How horror helped anime shows hit mainstream

In 2013, at a time when Game of thrones and The walking dead were at the peak of their popularity, a shōnen action anime titled The attack of the Titans created and rocked the anime world to its core, skyrocketing in popularity and penetrating mainstream audiences. Spectators who vaguely knew the name Naturo were suddenly watching this spectacle. It’s not hard to see the appeal of the general public, with a European-like setting, an apocalyptic story putting humanity on the verge of annihilation, a lot of shock and horror, plus enough deaths. to compete with the aforementioned live action shows. The attack of the Titans, In some ways, it feels like the culmination of a long drawn-out trend: an action anime using horror imagery and tropes to heighten sense of danger and become a huge hit. While anime shows have certainly become big staples of pop culture in the past, the horror action anime trend of recent years has helped anime break into the mainstream, a creepy creature. at a time.

Horror and animation have a long history in common, from Walt Disney’s Silly symphonies and the works of the Fleischer brothers, to Japanese animes like GeGeGe no Kitarō. Mmore often than not, the horror boiled down to using the supernatural as a catch-all for the ghouls the hero could hit in every episode. Sure, YuYu Hakusho, and Bleach, or even Vampire Hunter D deal with supernatural elements, but these are mostly used for superficial flavor in stories that follow set formulas where the hero never loses. This makes horror difficult because no one is ever really in danger. In the mid-2000s, shows like Death threat Where Monster supported long-running compelling stories of serial killers with cat and mouse thriller as they avoided being captured and continued their killings. They didn’t scare either the audience or the characters, but used suspense and dark imagery to keep the tension going.

However, what makes a show like The attack of the Titans, or more recently Demon slayer and Jujutsu kaisen The unique thing is that they follow the formula of winning anime shōnen (shows aimed primarily at teenagers) to a T, and then apply it to the horror genre. They have fiery protagonists with searing determination, friendships that aid the hero in his quest, a set of powers they can train to improve upon, and a sense of optimism despite enormous adversities. Both Demon slayer and Jujutsu kaisen started out as a manga in the popular Shônen jump magazine, which has a very strict and established formula resulting in many successful series such as One Piece, My Hero Academia, Naruto, and Hunter x hunter.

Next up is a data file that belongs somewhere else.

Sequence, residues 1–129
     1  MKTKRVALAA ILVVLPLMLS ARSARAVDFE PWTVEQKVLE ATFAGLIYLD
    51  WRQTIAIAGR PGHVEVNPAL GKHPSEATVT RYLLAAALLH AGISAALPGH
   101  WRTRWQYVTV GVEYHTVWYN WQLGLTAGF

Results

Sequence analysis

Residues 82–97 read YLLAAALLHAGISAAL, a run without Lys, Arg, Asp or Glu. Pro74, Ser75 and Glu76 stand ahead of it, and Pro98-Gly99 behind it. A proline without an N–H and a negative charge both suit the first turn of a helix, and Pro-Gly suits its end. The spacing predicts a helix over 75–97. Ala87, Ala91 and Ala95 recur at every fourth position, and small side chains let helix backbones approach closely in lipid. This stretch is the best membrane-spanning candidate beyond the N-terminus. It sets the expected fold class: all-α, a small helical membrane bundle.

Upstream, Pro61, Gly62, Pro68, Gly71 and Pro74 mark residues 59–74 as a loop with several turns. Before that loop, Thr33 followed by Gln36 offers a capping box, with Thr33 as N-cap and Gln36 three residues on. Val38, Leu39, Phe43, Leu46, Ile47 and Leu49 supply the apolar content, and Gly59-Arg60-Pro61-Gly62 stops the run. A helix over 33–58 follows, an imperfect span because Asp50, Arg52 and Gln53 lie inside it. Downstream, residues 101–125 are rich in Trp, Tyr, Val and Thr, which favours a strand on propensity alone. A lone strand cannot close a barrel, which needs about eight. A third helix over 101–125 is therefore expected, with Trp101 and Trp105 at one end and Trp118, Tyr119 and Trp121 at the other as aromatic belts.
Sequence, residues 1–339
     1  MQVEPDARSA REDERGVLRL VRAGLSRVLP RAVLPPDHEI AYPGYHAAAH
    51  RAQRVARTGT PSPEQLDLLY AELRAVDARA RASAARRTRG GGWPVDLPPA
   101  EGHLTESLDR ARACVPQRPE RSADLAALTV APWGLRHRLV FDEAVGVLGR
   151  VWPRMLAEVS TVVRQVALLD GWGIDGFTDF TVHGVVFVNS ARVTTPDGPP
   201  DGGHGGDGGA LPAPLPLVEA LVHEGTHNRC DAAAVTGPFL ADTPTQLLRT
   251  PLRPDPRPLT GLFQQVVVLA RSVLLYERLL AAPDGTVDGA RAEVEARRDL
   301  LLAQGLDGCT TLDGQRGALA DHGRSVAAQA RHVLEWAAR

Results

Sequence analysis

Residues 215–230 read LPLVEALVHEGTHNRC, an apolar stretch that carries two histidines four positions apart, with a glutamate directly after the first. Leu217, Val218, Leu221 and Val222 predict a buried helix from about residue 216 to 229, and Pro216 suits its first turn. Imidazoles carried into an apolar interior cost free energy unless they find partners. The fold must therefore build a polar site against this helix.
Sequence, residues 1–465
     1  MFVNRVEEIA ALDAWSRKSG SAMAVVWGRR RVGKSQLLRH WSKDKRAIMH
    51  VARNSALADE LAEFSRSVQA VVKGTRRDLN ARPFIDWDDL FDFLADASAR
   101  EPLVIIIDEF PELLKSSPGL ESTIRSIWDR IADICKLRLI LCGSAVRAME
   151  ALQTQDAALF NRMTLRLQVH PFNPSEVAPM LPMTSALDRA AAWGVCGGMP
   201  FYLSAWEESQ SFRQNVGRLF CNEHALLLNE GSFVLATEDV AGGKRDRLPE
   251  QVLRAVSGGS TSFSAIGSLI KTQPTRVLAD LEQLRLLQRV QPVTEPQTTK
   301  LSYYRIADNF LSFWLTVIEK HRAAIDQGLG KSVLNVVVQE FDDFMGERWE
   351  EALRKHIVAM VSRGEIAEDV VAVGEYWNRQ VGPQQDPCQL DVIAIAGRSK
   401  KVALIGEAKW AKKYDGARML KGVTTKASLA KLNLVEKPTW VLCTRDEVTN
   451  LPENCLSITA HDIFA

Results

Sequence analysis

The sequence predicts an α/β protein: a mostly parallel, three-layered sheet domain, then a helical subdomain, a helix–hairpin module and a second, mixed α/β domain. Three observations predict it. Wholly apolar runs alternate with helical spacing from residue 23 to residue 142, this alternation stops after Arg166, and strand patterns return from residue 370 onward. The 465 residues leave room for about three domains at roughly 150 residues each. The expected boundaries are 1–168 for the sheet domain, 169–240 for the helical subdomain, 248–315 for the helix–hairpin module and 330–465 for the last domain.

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When the tried and true formula is applied to a horror setting, innocent wide-eyed teenage protagonists can be mercilessly killed in the first few episodes, tragedy and blood are as common as the flu, and power-ups are not. simply obtained through training, but rather they are paid dearly in the permanent wounds and scars that the hero bears for the remainder of the story. The villains are not cartoonish but menacing and menacing. When we first meet Eren in The attack of the Titans or Tanjiro in Demon slayer, they’re stereotypical kids with big dreams and loving friends and family. They know they live in a dangerous world, but for them it is all a long way off until the first episode brings tragedy home and completely shatters their illusions.

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Eren discovers that the world is cruel, that good people can die for no reason, and with victories come horrible losses. Tanjiro finds time and time again that sometimes the heroes just don’t win, the villain runs away and nothing can be done about it. From the outset, the shows place our idealistic shōnen protagonists in situations where victory seems impossible. The public may think that the main characters cannot die; they can. Even if they survive, the show throws enough danger and death upon them that they feel like anything can happen. If the protagonist is genuinely scared and in an impossible situation, audiences think he can be defeated and die a gruesome death.

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Speaking of macabre, these three shows deal with enough nightmarish imagery and gore to satisfy even hardcore horror fans. Take Jujutsu kaisen, a show that delves into everything from body horror to cosmic horror, with a protagonist who level up literally swallowing the grotesque fingers of a dead demon and is constantly threatened with having his body take hold of said demon , forcing his own friends to execute him. While the series still relies on fight scenes, battle tournaments, and practice arcs to tell the story, each episode is filled with grotesque creatures and unsettling imagery not played out for laughs, but to make you crawl. skin – while finding moments of lightness and awkwardness typical of shōnen anime.

With Demon slayer back for season 2, The attack of the Titans bowing with its final season, and a popular new horror manga shōnen getting anime adaptations like Man with chainsaw, there has never been a better time to be an anime and horror fan.


Demon slayer The Entertainment District Arc Episode 2 will be available on December 12, 2021.


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